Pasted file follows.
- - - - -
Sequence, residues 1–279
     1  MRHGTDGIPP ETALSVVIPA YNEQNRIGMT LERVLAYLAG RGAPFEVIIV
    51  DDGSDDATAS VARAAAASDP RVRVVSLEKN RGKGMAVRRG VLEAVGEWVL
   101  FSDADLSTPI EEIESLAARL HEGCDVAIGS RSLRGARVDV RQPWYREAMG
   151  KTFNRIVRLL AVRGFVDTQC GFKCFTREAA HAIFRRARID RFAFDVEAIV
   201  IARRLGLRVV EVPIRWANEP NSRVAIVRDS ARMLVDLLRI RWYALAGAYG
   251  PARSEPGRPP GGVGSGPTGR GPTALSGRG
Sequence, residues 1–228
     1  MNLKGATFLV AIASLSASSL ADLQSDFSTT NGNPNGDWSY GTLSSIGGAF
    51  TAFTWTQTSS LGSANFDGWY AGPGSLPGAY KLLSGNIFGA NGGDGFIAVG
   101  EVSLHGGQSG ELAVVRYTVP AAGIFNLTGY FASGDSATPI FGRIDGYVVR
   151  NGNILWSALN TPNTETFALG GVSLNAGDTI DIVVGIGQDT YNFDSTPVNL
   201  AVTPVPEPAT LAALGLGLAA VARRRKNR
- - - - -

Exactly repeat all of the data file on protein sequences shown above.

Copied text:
Sequence, residues 1–279
     1  MRHGTDGIPP ETALSVVIPA YNEQNRIGMT LERVLAYLAG RGAPFEVIIV
    51  DDGSDDATAS VARAAAASDP RVRVVSLEKN RGKGMAVRRG VLEAVGEWVL
   101  FSDADLSTPI EEIESLAARL HEGCDVAIGS RSLRGARVDV RQPWYREAMG
   151  KTFNRIVRLL AVRGFVDTQC GFKCFTREAA HAIFRRARID RFAFDVEAIV
   201  IARRLGLRVV EVPIRWANEP NSRVAIVRDS ARMLVDLLRI RWYALAGAYG
   251  PARSEPGRPP GGVGSGPTGR GPTALSGRG
Sequence, residues 1–228
     1  MNLKGATFLV AIASLSASSL ADLQSDFSTT NGNPNGDWSY GTLSSIGGAF
    51  TAFTWTQTSS LGSANFDGWY AGPGSLPGAY KLLSGNIFGA NGGDGFIAVG
   101  EVSLHGGQSG ELAVVRYTVP AAGIFNLTGY FASGDSATPI FGRIDGYVVR
   151  NGNILWSALN TPNTETFALG GVSLNAGDTI DIVVGIGQDT YNFDSTPVNL
   201  AVTPVPEPAT LAALGLGLAA VARRRKNR